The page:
Oh, yes, we can forgo fructose, or just-cut-sugar, and get fatter and sicker. My worry is that's just what we are aiming to do.

Those who don't learn from the follies of history are destined to repeat them. Yes, some will get rich and famous along the way, every time. But one in three of us will get diabetes. And there you have my real concern with the "sugar is poison" boondoggle. It comes with a price tag public health simply cannot afford to pay.

David L. Katz, MD, FACP, MPH, FACPM, is an internationally renowned authority on nutrition, weight management, and the prevention of chronic disease, and an internationally recognized leader in integrative medicine and patient-centered care. He is a board certified specialist in both Internal Medicine, and Preventive Medicine/Public Health, and Associate Professor (adjunct) in Public Health Practice at the Yale University School of Medicine. He is the Director and founder (1998) of Yale University's Prevention Research Center; Director and founder of the Integrative Medicine Center at Griffin Hospital (2000) in Derby, Conn.; founder and president of the non-profit Turn the Tide Foundation; and formerly the Director of Medical Studies in Public Health at the Yale School of Medicine for eight years. This post originally appeared on his blog at The Huffington Post.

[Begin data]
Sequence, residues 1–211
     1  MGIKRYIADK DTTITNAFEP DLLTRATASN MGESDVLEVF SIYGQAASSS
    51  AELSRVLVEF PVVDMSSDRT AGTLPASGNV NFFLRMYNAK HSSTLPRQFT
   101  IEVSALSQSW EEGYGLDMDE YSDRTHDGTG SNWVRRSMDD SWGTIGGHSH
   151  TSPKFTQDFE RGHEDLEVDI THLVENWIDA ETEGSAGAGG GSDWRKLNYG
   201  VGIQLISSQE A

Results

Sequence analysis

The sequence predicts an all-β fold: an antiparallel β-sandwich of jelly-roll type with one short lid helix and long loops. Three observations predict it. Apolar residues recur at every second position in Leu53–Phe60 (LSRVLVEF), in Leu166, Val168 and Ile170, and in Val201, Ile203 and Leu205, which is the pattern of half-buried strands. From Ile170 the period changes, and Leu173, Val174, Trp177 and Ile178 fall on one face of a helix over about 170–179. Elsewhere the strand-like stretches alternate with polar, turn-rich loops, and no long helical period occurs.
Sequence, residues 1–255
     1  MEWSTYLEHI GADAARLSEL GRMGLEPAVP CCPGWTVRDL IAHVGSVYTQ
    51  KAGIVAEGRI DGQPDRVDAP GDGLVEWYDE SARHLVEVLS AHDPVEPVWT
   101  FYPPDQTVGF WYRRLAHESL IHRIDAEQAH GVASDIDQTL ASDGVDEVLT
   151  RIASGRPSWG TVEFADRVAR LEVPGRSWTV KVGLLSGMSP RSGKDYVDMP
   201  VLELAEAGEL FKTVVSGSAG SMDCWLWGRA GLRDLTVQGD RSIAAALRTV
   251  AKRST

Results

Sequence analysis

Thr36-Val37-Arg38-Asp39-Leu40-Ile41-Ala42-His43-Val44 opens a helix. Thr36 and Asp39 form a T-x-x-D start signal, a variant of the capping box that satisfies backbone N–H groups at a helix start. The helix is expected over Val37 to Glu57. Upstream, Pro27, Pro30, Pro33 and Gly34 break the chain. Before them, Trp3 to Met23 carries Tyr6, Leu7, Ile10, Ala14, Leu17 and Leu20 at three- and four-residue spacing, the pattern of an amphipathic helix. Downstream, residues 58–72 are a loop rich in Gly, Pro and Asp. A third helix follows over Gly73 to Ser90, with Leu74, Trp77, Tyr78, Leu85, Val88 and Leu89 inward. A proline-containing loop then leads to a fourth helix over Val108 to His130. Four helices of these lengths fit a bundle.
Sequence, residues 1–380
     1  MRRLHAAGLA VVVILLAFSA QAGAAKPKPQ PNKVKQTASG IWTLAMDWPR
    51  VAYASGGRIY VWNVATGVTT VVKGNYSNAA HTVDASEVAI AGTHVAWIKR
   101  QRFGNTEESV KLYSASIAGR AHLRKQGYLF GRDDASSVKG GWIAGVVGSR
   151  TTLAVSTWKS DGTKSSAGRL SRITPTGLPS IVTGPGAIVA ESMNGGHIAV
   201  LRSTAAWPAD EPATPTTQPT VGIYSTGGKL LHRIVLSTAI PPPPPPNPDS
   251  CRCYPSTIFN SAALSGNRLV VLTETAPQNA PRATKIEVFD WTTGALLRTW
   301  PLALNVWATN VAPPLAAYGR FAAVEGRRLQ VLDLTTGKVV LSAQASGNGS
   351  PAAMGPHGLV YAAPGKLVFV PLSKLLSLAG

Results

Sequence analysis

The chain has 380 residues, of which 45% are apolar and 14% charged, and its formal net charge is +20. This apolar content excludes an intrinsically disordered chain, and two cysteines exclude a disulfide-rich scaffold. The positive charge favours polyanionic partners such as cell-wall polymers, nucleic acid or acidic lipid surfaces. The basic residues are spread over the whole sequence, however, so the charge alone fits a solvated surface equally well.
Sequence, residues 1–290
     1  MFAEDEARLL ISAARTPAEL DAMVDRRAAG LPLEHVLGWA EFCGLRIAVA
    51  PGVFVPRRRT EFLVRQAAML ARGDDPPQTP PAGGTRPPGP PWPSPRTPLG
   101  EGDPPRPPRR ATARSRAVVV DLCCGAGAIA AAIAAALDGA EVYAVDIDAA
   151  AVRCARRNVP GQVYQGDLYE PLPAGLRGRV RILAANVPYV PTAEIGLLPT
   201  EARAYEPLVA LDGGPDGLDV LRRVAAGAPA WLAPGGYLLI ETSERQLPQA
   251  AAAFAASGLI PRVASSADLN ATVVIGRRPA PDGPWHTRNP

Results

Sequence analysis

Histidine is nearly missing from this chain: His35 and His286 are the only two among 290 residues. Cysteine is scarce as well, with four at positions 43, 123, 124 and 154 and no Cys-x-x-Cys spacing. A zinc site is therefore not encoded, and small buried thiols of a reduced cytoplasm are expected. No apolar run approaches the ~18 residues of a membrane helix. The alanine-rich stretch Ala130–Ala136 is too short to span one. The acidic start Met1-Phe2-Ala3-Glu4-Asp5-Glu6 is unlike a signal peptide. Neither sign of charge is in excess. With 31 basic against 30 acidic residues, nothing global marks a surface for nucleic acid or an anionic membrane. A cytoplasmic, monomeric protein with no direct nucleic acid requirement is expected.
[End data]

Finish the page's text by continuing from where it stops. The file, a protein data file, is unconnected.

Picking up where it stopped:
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Albert Fuchs, MD, FACP, graduated from the University of California, Los Angeles School of Medicine, where he also did his internal medicine training. Certified by the American Board of Internal Medicine, Dr. Fuchs spent three years as a full-time faculty member at UCLA School of Medicine before opening his private practice in Beverly Hills in 2000.

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Ira S. Nash, MD, FACP, is the senior vice president and executive director of the North Shore-LIJ Medical Group, and a professor of Cardiology and Population Health at Hofstra North Shore-LIJ School of Medicine. He is Board Certified in Internal Medicine and Cardiovascular Diseases and was in the private practice of cardiology before joining the full-time faculty of Massachusetts General Hospital.

Zackary Berger
Zackary Berger, MD, ACP Member, is a primary care doctor and general internist in the Division of General Internal Medicine at Johns Hopkins. His research interests include doctor-patient communication, bioethics, and systematic reviews.

Controversies in Hospital Infection Prevention